Kim Min-kyo is just another South Korean young adult who happens to be living with his mother, except that his job is the stuff of dreams for many of us. Not only does he never have to leave to his house, but he gets to make an incredible living simply by playing video games.
The 24-year-old Kim became the top one percent of earners in South Korea after earning about $50,000 a month by playing and live streaming video games for up to hours a day
COVID-19 has been a blessing in disguise for many gamers which forced people across the world to stay indoors and the restrictions on movements amid lockdown.
Kim Min-kyo has been minting money by playing video games and live streaming them with quick-witted commentary and high-school-level humour while staying inside a converted storeroom on the roof of his mother’s Seoul apartment.
However, his humble lifestyle has not changed and he remains grounded despite becoming a millionaire.
“I’m not really into cars or spending lots of money,” said Kim, who eats, sleeps, washes and works in the small space.
“My mum manages all my income so I never have a lot of money on me,” he told AFP.
Live streamers, known as “Broadcast Jockeys” or BJs in South Korea, are hard-wired to the digital infrastructure of youth culture. They entertain for hours with an interactive mishmash of chat, gaming, dance, music, eating, getting drunk or even just sleeping.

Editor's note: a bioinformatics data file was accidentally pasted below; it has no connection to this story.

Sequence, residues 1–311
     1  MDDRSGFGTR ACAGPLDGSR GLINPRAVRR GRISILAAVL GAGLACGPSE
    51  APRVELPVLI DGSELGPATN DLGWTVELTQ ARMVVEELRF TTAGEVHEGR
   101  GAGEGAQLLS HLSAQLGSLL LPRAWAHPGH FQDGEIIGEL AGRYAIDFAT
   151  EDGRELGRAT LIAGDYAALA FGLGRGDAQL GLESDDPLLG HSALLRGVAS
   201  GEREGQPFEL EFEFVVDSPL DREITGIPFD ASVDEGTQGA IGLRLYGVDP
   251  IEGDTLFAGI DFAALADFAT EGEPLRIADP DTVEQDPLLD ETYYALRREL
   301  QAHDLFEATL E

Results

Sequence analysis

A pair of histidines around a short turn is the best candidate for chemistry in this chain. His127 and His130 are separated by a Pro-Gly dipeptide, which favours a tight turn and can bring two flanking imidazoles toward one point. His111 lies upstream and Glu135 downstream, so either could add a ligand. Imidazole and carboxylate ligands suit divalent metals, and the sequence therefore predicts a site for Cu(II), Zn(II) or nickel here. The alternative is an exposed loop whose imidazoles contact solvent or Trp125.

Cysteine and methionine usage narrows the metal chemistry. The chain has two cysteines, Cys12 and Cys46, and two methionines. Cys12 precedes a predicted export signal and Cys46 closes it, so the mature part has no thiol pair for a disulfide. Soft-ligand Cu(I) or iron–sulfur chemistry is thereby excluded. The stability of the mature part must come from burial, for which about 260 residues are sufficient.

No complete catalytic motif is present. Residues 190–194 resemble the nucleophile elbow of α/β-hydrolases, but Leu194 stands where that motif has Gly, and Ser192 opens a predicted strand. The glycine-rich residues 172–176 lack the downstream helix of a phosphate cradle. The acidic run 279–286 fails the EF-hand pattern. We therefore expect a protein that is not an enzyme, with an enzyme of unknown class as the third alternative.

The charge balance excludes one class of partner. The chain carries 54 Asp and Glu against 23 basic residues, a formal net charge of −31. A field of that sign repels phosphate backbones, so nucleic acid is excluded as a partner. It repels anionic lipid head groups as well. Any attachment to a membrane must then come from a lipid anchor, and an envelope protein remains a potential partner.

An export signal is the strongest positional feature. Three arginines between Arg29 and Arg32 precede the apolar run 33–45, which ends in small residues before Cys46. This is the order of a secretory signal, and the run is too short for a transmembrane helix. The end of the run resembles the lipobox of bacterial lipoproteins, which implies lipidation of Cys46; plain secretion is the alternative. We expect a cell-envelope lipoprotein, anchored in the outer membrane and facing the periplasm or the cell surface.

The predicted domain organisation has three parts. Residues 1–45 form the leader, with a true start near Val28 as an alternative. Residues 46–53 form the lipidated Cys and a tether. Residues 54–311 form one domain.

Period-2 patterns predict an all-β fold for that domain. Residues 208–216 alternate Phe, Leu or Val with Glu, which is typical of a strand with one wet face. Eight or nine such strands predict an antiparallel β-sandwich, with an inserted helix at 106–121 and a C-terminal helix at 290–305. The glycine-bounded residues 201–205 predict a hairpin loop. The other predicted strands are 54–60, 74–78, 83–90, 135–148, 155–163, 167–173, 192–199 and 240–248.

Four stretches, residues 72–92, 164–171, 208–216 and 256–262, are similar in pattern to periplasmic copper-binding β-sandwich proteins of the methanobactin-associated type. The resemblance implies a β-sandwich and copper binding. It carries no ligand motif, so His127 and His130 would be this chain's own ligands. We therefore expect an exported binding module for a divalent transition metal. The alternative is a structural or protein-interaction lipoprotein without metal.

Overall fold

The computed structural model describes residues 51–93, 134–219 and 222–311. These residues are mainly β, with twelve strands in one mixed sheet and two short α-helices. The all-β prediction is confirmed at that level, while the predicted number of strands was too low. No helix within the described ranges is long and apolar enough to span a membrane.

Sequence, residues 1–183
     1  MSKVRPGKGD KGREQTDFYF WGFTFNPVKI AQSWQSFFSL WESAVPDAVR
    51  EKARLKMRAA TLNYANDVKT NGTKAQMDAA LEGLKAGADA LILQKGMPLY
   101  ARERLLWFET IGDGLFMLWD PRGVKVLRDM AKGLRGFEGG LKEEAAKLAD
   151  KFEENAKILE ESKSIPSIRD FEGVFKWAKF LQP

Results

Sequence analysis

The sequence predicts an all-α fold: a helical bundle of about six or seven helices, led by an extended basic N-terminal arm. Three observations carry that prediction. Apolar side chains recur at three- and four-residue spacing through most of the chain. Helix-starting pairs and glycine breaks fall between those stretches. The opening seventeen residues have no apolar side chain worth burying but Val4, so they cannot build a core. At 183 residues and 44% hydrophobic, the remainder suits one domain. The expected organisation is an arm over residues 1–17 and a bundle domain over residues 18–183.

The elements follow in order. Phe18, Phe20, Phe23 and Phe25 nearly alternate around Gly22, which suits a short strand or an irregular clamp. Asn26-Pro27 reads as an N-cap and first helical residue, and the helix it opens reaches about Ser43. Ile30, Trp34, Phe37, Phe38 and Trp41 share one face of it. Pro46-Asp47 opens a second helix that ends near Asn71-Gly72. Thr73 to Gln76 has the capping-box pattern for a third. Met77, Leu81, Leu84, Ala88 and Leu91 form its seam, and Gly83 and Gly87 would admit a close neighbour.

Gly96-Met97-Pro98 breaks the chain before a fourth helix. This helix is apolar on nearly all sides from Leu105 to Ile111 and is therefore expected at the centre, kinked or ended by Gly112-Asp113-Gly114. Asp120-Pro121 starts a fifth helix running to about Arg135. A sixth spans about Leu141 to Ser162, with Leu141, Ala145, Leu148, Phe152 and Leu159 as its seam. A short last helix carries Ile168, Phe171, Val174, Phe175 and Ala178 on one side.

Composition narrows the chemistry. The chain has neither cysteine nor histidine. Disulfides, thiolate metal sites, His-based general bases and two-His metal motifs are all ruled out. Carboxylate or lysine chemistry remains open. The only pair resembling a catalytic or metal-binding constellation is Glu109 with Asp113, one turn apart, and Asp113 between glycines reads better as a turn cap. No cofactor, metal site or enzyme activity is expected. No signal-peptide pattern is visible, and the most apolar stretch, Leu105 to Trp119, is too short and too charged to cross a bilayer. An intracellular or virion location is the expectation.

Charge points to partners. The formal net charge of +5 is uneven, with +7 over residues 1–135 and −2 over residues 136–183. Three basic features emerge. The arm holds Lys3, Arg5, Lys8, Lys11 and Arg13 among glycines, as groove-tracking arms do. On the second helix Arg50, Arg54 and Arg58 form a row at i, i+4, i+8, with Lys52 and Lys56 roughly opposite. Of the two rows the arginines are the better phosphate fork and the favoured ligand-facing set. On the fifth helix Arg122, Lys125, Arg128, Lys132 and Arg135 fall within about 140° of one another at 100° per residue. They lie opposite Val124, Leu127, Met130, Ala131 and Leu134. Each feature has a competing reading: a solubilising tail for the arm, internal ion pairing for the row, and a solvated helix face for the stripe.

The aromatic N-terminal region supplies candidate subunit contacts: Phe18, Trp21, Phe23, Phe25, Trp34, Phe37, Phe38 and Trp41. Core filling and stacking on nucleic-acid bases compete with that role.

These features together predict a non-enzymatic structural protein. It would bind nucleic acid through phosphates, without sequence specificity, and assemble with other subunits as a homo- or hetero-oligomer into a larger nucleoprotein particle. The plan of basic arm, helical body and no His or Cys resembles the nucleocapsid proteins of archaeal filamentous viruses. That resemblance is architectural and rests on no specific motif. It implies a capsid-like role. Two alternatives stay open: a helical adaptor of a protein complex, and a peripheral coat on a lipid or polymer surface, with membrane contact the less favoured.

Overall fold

A few can earn over $100,000 in a good month from broadcasting live on home grown platform AfreecaTV, and uploading edited content to YouTube.
Kim, who often streams himself playing online battle game League of Legends in his pyjamas, builds on his content with conversations that flirt with the country’s social boundaries.
“Maybe sometimes you need to do something absurd to attract followers,” he acknowledged.
He makes money from fan donations, sponsorship — sometimes consuming local energy drinks midstream — and advertising on YouTube, where he has more than 400,000 subscribers.
For live-streamers, the coronavirus has been good for business. Over the first four months of last year, as the South Korean government urged people to stay at home to control the outbreak’s first wave, time watching videos on smartphones surged, according to the Korea Communications Commission.